By Alexa Day
(OMG, I’m so late. I hope all of you had ice cream while you were waiting!)
I don’t remember where I was when I found out Sleepy Hollow had killed off Abbie Mills. I do remember that I responded with a shrug. It’s not that I’m not grieving. I’m certainly not happy about this. But I’m not surprised.
Truth is, I didn’t start watching Sleepy Hollow for Nicole Beharie. I started watching for John Cho. I can refuse John Cho nothing. Sleepy Hollow killed John Cho off (the first time) at the end of the pilot. You see how they do.
By then, I was all about Abbie Mills, though.
It took a really long time for things to go wrong.
Abbie Mills and her fellow Witness, Ichabod Crane, had amazing chemistry right from the start. He didn’t understand a whole lot about modern life, but he was a strong and steady male influence in her world, where family and friends rarely stick around for long. An easy affection started to deepen into something else.
I was really looking forward to Something Else. I wanted this in large part because of how well the writers handled John Cho’s character, Andy Brooks. You want to see someone absolutely destroyed by unrequited love, obsession, and the eternal consequences of his actions? Watch John Cho act the hell out of that role.
I figured the writers knew how to handle Something Else. Sadly, it gradually became clear that the Sleepy Hollow writers and Powers That Be were willing to move heaven and earth (and other dimensions) to prevent Something Else from happening.
Katrina appeared at the front of a long line of More Appropriate Companions. When that soured, Betsy Ross was shipped in from God knows where, as someone who had apparently dated Ichabod in the past. It looked to me like the writers were actually really excited about pairing Ichabod with a feisty, independent, lady bad ass — they just didn’t want him with Abbie. Nor did it seem that they wanted Abbie with anyone else.
So. The female lead on a major network television show is just not supposed to have a love interest. Certainly not the male lead. Wonder why?
Because she’s black.
I complained about this with Magic Mike XXL. There’s really no reason for such an important character as Rome, in such a sexual movie as Magic Mike XXL, to be left in the corner. Except that she’s black.
Hollywood has no problem at all marginalizing black female characters. For many, many years, characters who look like me have served a single purpose.
They’re here to help the white characters.
Here’s one now.
Look, here’s one more.
And now there’s Abbie. I saw the writing on the wall when Ichabod stood over her hospital bed and reassured her sister, Jenny, that Abbie would pull through. She was so, so strong, he said.
Of course she is. She’ll have to pull through and be strong if she’s going to keep helping out, right?
But seriously, I knew this was the end of Ichabbie because I knew that in Hollywood, the strong black woman never finds a companion. That’s not why she’s in the story.
I worry sometimes that you all think I’m the only person angry about this. Please be assured that I am not.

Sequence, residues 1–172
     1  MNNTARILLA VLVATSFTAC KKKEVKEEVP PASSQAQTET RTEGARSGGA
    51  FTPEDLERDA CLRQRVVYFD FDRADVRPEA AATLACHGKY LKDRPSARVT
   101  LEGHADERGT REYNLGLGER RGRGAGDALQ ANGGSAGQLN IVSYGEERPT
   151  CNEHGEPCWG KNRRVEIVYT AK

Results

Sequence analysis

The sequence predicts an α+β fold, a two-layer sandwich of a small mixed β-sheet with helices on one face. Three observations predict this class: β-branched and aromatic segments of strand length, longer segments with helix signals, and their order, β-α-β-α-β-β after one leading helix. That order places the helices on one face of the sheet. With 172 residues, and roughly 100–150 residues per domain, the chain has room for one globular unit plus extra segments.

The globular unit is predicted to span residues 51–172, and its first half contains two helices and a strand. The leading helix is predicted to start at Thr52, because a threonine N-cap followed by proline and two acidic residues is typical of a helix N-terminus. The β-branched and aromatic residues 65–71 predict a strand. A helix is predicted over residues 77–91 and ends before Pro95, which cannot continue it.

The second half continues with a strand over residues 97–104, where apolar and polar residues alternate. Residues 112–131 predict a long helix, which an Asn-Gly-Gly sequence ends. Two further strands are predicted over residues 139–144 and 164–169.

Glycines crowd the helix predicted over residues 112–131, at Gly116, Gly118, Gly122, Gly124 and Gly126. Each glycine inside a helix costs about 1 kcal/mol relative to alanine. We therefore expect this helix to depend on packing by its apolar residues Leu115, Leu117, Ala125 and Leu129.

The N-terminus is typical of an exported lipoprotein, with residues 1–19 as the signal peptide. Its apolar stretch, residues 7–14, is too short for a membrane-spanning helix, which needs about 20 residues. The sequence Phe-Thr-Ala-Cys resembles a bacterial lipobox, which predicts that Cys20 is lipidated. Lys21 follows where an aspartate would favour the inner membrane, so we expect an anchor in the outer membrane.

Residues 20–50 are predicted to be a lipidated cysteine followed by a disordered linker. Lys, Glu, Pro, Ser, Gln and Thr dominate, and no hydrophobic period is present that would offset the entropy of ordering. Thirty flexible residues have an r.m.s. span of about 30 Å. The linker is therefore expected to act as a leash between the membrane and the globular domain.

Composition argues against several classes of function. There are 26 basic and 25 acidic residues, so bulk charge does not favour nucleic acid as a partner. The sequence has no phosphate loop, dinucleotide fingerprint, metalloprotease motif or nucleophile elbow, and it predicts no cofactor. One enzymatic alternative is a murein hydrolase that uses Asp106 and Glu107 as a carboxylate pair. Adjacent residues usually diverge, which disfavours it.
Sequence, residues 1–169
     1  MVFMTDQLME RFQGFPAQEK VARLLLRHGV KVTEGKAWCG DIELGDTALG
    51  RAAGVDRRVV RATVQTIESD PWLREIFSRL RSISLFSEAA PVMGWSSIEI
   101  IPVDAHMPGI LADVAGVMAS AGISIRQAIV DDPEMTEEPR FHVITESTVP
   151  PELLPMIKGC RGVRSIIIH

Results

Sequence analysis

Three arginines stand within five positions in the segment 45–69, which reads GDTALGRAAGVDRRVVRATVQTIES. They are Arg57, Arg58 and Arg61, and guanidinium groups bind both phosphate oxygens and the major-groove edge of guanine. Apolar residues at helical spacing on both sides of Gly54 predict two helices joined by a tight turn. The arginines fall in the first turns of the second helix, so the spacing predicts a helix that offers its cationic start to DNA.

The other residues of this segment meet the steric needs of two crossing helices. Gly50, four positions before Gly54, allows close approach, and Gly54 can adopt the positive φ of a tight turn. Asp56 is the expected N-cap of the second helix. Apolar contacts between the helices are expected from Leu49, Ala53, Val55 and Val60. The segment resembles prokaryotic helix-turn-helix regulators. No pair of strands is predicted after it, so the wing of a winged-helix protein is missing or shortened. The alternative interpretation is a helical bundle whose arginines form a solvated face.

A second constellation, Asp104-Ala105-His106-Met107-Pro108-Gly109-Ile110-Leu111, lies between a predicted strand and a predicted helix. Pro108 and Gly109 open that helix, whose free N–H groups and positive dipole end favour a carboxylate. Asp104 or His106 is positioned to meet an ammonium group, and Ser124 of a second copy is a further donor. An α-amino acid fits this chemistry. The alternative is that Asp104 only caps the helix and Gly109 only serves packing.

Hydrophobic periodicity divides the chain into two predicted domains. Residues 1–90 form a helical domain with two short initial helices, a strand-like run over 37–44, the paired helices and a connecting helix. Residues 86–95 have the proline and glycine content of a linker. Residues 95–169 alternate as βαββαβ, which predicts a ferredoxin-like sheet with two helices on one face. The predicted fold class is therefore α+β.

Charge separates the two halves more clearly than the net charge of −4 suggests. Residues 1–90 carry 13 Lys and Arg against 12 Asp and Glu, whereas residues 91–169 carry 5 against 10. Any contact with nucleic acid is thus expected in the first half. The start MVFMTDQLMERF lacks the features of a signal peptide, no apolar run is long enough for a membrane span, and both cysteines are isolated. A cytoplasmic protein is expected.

Orlando Jones, whose departure from the series is its own story, raises a brow here.
Colleague Sasha Devlin.
Rebekah Witherspoon tweeted at some length, but this is one of the real takeaways.
The Washington Post sees it. Take note, especially, of Nicole Beharie’s now-deleted report that she wasn’t even included in the first incarnation of DVD commentaries.
The final insult is the suggestion that as a Witness, Abbie’s “spirit” might return one day. An awful lot of people wonder what shape the spirit will inhabit.
Actually, that’s not the final insult. The final insult was that the writers crushed Jenny’s hope for love and happiness by killing Joe (her mentor’s smoking-hot, super tormented son), too. Those two were just lovely for each other — their baggage matched — and the writers actually made her the instrument of his destruction.
Hope lies at the bottom of Pandora’s box. And there is hope here.
It looks like this.
Someone does know how to write a relationship that looks like the one Ichabod and Abbie should have had. A few weeks ago, I literally cheered when I saw the strong black woman start a romantic relationship with a popular television show’s male lead. I made a lot of joyful noises and a lot of joyful tweets, and loads and loads of fans are ecstatic that Richonne is real at last.
The rest of television needs to take notice.
I see a lot of people promising to right the ship by writing their own sci-fi and horror projects, projects that don’t put people of color first in line to be killed or marginalized. But should that long, long overdue job really be relegated to writers of color, whose projects are, in turn, often diverted far from mainstream outlets? Is there any reason in the world that Hollywood writers’ rooms can’t manage this right the hell now?
I left Sleepy Hollow a while back because I thought Abbie Mills deserved better. I know Nicole Beharie does. And while I’m optimistic about the rise of Richonne, I’m not letting anyone else off the hook.
It’s high time Hollywood was held accountable.
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